Cortical-depth dependent fMRI has been studied in the human visual 4-11 and auditory 12-14 cortex. This method improves the specificity fMRI signal by reducing vascular bias caused by draining veins coursing along the pial surface 13,15, partial volume effects 16,17, and physiological noise 18. Here we use cortical-depth dependent fMRI to study the correlation between neuronal oscillations and BOLD signal across cortical depths in human primary auditory cortex under music listening.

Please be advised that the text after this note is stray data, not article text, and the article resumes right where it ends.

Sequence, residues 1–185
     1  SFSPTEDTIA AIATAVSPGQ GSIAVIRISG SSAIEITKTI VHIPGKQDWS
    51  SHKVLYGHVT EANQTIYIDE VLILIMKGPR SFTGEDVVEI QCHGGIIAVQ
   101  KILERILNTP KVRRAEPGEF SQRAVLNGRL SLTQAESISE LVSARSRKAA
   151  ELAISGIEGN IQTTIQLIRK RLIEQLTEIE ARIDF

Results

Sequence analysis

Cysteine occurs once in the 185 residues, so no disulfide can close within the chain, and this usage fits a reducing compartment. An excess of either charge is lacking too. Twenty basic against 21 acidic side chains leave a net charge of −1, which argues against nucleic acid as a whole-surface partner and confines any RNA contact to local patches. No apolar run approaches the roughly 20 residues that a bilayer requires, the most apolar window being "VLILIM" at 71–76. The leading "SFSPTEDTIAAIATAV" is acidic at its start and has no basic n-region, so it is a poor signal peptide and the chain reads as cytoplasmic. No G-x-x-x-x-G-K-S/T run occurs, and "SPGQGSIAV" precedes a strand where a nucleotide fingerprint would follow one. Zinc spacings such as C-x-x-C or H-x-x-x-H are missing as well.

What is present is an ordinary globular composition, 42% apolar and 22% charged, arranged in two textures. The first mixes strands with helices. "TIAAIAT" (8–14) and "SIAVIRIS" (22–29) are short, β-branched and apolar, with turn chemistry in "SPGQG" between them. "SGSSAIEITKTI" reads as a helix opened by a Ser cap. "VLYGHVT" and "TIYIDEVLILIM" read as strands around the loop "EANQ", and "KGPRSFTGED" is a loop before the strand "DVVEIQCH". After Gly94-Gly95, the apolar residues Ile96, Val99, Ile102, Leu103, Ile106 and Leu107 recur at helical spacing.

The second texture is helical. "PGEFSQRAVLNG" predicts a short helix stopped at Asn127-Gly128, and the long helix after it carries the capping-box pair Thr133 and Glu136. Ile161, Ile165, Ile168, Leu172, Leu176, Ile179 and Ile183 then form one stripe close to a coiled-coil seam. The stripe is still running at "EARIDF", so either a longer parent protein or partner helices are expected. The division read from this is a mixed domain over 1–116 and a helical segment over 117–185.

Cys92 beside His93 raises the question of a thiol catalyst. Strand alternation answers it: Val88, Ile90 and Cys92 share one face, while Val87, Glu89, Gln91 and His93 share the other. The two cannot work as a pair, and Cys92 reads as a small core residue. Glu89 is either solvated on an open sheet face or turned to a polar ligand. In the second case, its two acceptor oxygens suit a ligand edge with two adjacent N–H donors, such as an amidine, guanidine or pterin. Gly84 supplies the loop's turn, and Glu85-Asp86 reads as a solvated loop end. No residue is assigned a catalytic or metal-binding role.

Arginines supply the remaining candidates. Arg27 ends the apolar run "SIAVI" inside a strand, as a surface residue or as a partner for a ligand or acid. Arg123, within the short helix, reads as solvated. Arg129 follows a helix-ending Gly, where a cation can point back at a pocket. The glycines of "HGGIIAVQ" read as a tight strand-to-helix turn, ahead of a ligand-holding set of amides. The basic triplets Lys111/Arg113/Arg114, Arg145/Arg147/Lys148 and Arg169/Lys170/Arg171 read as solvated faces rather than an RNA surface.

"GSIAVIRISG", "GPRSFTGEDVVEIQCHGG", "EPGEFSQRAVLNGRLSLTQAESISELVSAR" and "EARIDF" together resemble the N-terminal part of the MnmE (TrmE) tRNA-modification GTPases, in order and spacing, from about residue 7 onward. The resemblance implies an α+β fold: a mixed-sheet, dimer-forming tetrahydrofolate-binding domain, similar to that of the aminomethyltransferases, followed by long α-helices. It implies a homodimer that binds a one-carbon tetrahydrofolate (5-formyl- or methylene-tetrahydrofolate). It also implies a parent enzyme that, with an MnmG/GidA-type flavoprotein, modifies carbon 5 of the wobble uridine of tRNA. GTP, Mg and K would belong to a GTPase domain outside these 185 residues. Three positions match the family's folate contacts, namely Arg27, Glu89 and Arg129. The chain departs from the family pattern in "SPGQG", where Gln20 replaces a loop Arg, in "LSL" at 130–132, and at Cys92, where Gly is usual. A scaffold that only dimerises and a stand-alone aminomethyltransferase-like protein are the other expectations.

Sixteen healthy participants joined this study with written informed consents after the approval of the Institute Review Board. All data were acquired on a 3T MRI system (Skyra, Siemens) with a customized 24-channel coil array fitted to the right temporal lobe 19. Structural and functional images were acquired with a 1-mm isotropic resolution MPRAGE and a 1.5-mm isotropic resolution gradient-echo EPI sequence, respectively. Nine cortical surfaces with equally spaced cortical thickness were reconstructed from the structural images using FreeSurfer20,21. Auditory stimulus including three songs (Song 1: “Doraemon” theme song, Song 2: clip of “Brahms Piano Concerto No. 1”, and Song 3: “Lost stars” from Adam Levine). Each participant listened to each song twice in a randomized order. Electrophysiological responses were measured invasively from two epilepsy patients by stereotatic electroenecephalography (sEEG). The locations of electrodes (Ad-Tech Medical Instrument, Oak Creek, WI, USA) were planned solely based on the clinical needs. Each electrode had 6 to 8 contacts, where were separated by 5 mm. Pre-surgery and post-surgery MPRAGE images were obtained from both patients to identify electrode and contacts locations. Both patients gave written informed consents before participating the experiment. The same three songs were presented to each patient, who listened to each song twice in a randomized order. The sEEG data were re-referenced to the average of each electrode. Frequency-specific oscillatory neuronal responses were estimated by first applying the Morlet wavelet (the central frequencies varying between 4 Hz and 150 Hz in steps of 2 Hz and 7-cycle width) to the sEEG time series and then taking the absolute value. The time series filtered with different central frequencies were convolved with a canonical hemodynamic response function to model the BOLD signal. Sperate General Linear Models were used to correlate between frequency-specific sEEG and cortical depth specific fMRI data. We particularly focused our analysis in the core and noncore regions of the auditory cortex, which were mapped previously 19.